Figure 1: Normalized PCAR spectra of the Ba0.55K0.45Fe2As2 single crystal in the ab plane showing two superconducting gaps. Lower curves are vertically shifted for clarity. Circles represent the best fits to the two gap BTK formula. Left inset—raw data taken at 4.4 and 27 K, right inset—temperature dependence of two gaps, solid lines show BCS-type behavior of energy gaps.

   Similarly we have performed systematic studies of the NdFeAsOF superconducting energy gap using point-contact Andreev-reflection (PCAR) spectroscopy [3]. At low temperatures the PCAR conductance spectra show a pair of gap-like peaks at about ±(4–7) mV and in most cases also a pair of humps at around ±10 mV. Fits to the s-wave two-gap model of the PCAR conductance allowed to determine two superconducting energy gaps in the system. The values of the gaps are D1 = 5 ± 1 meV and D2 = 11 ± 2 meV, indicating very weak coupling in the band with the small gap with 2D1/kBTc = 2.6 ± 0.1 and strong coupling for the second band with 2D2/kBTc = 5.7 ± 0.5. Also, an indication for a reduced DOS in the normal state or pseudogap persisting well above the bulk transition temperature is found in the system.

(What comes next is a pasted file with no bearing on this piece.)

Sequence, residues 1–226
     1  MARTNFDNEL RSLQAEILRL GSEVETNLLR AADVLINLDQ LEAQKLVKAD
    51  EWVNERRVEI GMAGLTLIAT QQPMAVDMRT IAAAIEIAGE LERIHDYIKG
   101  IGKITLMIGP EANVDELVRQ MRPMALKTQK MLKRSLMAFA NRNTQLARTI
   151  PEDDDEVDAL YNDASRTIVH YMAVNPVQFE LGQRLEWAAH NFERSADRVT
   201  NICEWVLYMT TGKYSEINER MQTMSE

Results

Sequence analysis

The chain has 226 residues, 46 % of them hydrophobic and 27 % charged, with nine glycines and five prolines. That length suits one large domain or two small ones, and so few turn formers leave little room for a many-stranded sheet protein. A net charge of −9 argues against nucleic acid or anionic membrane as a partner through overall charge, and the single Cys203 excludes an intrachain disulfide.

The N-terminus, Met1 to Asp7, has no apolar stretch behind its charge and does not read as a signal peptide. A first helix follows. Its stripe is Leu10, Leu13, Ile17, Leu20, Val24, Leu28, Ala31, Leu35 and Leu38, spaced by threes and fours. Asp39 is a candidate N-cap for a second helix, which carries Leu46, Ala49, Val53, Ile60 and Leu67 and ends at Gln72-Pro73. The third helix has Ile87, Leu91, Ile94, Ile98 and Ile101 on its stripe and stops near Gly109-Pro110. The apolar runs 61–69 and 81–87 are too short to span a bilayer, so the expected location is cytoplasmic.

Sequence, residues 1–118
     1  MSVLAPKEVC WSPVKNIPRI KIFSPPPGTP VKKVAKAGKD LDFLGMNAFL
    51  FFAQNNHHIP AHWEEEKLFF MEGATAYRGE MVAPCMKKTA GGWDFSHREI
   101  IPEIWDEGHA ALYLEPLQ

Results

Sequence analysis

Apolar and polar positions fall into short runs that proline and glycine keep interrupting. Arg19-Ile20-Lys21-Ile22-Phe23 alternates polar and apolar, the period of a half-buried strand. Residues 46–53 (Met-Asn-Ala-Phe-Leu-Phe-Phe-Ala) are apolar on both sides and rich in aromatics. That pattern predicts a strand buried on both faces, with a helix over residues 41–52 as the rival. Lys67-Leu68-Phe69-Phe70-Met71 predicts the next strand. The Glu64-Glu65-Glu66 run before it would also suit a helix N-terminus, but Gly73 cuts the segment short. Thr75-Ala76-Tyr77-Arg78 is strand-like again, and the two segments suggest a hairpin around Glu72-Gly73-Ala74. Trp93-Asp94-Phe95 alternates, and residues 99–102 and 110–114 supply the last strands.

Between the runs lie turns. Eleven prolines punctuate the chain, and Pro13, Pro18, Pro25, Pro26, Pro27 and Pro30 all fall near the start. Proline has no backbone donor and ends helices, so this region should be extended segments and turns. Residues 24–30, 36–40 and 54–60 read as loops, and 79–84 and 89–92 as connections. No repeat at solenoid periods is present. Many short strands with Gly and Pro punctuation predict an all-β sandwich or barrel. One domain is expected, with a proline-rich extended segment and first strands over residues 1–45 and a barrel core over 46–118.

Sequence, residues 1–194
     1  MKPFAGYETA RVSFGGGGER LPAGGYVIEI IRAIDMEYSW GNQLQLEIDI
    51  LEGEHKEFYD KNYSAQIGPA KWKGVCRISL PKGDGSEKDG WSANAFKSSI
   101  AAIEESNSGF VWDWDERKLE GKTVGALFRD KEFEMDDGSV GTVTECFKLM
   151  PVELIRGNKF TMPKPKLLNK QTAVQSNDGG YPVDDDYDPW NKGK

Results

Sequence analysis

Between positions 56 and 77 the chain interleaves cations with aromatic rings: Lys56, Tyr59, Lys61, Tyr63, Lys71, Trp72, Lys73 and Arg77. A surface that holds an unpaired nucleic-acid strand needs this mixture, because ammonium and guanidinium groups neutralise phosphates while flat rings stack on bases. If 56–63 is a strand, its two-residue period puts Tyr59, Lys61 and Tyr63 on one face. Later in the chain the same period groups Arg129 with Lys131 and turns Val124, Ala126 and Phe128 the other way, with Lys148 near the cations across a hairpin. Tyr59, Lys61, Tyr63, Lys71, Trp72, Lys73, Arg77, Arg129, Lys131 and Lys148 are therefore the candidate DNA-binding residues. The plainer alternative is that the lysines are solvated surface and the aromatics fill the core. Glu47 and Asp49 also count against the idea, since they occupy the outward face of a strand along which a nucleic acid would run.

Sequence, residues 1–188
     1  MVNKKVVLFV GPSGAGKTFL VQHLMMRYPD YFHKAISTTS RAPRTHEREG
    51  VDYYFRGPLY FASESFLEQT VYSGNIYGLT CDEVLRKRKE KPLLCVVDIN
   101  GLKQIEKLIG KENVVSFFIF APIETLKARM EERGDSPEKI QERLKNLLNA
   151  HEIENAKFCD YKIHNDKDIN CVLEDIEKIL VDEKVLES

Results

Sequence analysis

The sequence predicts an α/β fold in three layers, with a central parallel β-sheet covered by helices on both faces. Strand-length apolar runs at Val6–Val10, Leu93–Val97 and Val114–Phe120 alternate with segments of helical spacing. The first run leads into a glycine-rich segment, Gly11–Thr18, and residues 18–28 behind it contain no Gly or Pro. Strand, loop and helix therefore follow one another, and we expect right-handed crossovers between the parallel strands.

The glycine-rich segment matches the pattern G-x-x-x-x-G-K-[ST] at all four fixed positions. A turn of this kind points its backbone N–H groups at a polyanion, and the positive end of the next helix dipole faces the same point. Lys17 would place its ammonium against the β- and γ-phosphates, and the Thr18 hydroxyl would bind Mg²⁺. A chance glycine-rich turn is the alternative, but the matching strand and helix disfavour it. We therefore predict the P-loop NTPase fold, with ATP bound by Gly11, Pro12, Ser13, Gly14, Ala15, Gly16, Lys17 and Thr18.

Using specific heat (Cp) and Hall-probe magnetization experiments we investigated the extent of the vortex-liquid state in underdoped single crystals of the oxypnictide superconductors NdFeAs(O,F) and (Ba,K)Fe2As2 [4]. In both materials, the vortex liquid lies entirely in the regime where the three-dimensional lowest Landau-level (3D-LLL) approximation is valid and both systems present a very small shift in the specific heat anomaly with increasing field. The irreversibility line, defined as the onset of diamagnetic response, is very rapidly shifted toward lower temperatures in NdFeAs(O,F) but remains close to the Cp anomaly in (Ba,K)Fe2As2. These measurements strongly suggest that a vortex-liquid phase occupies a large portion of the mixed-state phase diagram of NdFeAs(O,F) but not in (Ba,K)Fe2As2. This difference can be attributed to different Ginzburg numbers Gi, the latter being about 100 times larger in NdFeAs(O,F) than in (Ba,K)Fe2As2. The angular dependence of the upper critical field, derived from 3D-LLL scaling of the irreversibility lines, presents deviations from the standard 3D effective-mass model in both materials with an anisotropy being about three times smaller in (Ba,K)Fe2As2 (~2.5) than in Nd(F,O)FeAs (~7.5).